261. Asylum by Madeleine Roux

Asylum by Madeleine Roux

Rating: (3/5)

(Kindle) - (US) - (Canada) - (UK)

Aug 20 2013, Harper Collins, 320 pgs

Age: 14+

"Once you get in, there's no getting out.
For sixteen-year-old Dan Crawford, a summer program for gifted students is the chance of a lifetime. No one else at his high school gets his weird fascinations with history and science, but at the New Hampshire College Prep program, such quirks are all but required.
Dan arrives to find that the usual summer housing has been closed, forcing students to stay in the crumbling Brookline dorm—formerly a psychiatric hospital. As Dan and his new friends Abby and Jordan start exploring Brookline's twisty halls and hidden basement, they uncover disturbing secrets about what really went on here . . . secrets that link Dan and his friends to the asylum's dark past. Because it turns out Brookline was no ordinary psych ward. And there are some secrets that refuse to stay buried.
Featuring haunting found photographs from real asylums, this mind-bending reading experience blurs the lines between past and present, friendship and obsession, genius and insanity."

Received a review copy from Harper Collins Canada.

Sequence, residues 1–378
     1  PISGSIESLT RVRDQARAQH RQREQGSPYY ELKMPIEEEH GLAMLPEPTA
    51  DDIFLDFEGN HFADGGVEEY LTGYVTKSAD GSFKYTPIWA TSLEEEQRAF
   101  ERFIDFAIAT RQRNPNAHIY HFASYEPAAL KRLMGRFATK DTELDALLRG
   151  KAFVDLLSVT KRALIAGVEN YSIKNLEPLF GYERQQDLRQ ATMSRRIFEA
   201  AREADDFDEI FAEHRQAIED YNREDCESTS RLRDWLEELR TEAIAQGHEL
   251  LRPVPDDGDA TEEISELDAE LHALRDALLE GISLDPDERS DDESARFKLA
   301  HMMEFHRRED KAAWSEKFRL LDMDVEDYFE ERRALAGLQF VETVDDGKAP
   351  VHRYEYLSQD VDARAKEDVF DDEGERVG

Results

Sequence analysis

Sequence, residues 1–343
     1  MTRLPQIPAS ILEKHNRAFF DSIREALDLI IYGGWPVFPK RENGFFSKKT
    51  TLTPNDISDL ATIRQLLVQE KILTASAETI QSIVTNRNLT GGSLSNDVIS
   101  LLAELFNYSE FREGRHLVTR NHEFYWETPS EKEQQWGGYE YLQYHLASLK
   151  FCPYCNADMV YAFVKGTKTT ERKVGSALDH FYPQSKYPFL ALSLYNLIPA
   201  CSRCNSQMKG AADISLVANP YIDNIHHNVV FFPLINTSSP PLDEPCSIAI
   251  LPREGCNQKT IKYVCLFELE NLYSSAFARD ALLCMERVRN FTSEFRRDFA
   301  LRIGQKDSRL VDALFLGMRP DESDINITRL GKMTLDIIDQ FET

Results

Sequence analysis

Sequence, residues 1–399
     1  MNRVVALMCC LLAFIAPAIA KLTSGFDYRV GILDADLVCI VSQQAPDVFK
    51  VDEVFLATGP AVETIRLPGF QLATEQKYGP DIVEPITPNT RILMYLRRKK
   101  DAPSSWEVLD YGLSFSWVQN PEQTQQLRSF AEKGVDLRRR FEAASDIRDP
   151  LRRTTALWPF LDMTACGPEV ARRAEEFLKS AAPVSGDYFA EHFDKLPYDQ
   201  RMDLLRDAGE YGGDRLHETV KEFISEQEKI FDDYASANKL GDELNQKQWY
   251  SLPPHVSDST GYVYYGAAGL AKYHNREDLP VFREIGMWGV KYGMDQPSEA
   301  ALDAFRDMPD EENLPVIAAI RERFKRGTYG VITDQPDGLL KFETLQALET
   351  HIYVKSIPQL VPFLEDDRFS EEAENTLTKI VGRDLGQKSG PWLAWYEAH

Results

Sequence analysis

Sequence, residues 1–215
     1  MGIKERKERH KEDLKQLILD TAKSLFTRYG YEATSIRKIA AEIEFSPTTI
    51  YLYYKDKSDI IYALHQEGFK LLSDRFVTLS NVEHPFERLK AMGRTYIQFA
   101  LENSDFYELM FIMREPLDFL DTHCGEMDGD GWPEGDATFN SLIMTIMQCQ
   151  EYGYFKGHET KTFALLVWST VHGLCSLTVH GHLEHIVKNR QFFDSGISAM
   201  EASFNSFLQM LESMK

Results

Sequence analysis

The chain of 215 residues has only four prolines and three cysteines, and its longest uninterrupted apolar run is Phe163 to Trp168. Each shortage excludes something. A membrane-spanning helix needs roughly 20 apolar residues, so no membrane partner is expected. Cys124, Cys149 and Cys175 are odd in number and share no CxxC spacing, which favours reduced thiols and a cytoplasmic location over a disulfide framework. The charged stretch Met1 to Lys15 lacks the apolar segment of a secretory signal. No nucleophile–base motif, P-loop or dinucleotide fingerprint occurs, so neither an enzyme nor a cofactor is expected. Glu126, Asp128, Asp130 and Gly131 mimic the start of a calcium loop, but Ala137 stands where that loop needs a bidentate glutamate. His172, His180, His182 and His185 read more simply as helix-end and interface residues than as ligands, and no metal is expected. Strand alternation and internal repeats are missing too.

I was quite excited about this book: the plot and the photographs really appealed to me.  It didn't live up to my expectations, though.  The plot itself was good and is what kept me reading but the characters were unbelievable, especially when it came to dialogue.  The teens just didn't seem real; they bonded within hours, were having blow-ups within days.  They acted as if they had all grown-up in the same town together when in fact they had all just met.  The dialogue was weak; I didn't believe the teens would talk to each other that way; Jordan was snarky from the get go and the things that came out of police officer's mouths were hilariously unbelievable, in the real world.  So this put me off, not caring about any of the characters.  However, I did read the book to the end and didn't once think of putting it down as the plot was quite creepy and it isn't too often I come across a real horror story aimed at YA.  The horror works, this is not a book for under 14s and the photographs certainly add to the atmosphere.  This is a horror that falls into the paranormal subcategory and the ominous atmosphere kept me absorbed.  So, to conclude, cheesy dialogue and unbelievable situations put me off but a macabre plot kept me entertained.


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